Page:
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by Min Jin Lee

Beginning in the early 1900s, Pachinko tells the story of four generations of a Korean family as they struggle to make their home in an often hostile Japan. The early years describe the harsh economic realities faced by the family in Korea. Later, when pregnant daughter Sunja makes a marriage of convenience, she follows her missionary husband to Japan where social and political injustice are piled upon economic hardship. Told with gentle restraint, the novel details the difficulties faced by each generation and the different ways in which the characters deal with them. Along the way we are swept up in the recent history of Japan, told through the eyes of characters who can never quite belong. Essentially this is a story about home.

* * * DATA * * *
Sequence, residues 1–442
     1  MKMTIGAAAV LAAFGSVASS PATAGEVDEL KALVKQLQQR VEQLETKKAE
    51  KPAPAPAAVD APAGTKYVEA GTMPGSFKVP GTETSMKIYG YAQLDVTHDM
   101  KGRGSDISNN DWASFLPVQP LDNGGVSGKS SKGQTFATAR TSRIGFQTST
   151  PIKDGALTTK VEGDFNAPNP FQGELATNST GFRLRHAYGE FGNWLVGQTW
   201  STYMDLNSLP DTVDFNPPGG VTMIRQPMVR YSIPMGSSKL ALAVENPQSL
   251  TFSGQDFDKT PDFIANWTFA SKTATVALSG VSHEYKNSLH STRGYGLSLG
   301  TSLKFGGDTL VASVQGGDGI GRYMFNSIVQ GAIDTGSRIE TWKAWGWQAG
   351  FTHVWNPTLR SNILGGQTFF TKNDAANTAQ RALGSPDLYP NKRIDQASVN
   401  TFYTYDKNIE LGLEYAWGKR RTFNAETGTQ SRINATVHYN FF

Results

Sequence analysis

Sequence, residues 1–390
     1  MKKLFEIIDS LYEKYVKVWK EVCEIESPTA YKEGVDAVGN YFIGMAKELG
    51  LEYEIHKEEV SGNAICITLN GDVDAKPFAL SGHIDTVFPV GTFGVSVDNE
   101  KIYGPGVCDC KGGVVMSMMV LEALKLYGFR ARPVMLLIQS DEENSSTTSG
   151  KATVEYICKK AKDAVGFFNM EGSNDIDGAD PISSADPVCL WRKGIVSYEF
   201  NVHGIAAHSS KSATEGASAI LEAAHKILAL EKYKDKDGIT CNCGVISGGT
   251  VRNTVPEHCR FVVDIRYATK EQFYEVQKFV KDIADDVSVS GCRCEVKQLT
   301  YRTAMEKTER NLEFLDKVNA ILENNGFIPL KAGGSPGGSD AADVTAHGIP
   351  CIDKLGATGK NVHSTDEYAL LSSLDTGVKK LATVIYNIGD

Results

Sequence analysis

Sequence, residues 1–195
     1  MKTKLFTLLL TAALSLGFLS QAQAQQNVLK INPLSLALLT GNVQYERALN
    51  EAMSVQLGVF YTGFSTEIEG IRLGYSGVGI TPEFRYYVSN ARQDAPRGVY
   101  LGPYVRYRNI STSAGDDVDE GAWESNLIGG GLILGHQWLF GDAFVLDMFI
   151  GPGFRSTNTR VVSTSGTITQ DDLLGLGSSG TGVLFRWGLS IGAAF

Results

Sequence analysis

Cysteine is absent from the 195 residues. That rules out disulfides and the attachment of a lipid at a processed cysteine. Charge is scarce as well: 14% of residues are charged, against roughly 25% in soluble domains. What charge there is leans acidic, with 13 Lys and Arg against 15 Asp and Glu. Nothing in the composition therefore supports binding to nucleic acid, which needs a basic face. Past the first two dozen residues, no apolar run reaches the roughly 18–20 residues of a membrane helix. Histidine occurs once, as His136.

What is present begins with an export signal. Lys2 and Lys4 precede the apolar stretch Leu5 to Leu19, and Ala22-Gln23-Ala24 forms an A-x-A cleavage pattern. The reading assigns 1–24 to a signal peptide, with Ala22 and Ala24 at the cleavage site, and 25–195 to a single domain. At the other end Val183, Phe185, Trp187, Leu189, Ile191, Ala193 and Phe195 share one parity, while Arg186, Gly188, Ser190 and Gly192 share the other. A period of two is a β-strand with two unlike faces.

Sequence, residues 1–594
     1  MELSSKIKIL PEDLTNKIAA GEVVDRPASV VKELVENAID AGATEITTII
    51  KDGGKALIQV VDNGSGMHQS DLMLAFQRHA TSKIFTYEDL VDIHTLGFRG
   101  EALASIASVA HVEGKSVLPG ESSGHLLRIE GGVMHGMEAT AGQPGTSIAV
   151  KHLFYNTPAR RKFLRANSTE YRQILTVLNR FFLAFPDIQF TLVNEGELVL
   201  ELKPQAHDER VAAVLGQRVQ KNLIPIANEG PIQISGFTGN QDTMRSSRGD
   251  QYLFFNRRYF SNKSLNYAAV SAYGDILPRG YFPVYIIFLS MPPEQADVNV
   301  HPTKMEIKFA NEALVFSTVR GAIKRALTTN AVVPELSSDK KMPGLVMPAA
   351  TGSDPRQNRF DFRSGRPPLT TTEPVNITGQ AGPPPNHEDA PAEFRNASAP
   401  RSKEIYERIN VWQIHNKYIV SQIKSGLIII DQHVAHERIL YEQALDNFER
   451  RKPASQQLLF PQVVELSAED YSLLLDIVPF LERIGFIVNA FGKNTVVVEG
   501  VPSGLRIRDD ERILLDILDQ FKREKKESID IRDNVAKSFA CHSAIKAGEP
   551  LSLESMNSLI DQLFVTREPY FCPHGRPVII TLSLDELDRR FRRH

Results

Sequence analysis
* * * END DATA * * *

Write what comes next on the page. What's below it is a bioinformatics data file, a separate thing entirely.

One of the things I enjoyed most about the novel, is that although it had a 21st-century sensibility, it was almost 19th-century in its use of an omniscient narrator. Not many writers are brave enough (or skilled enough) to flirt with so many characters’ points-of-view. And although Lee did flirt up a storm, I always felt in safe hands as a reader.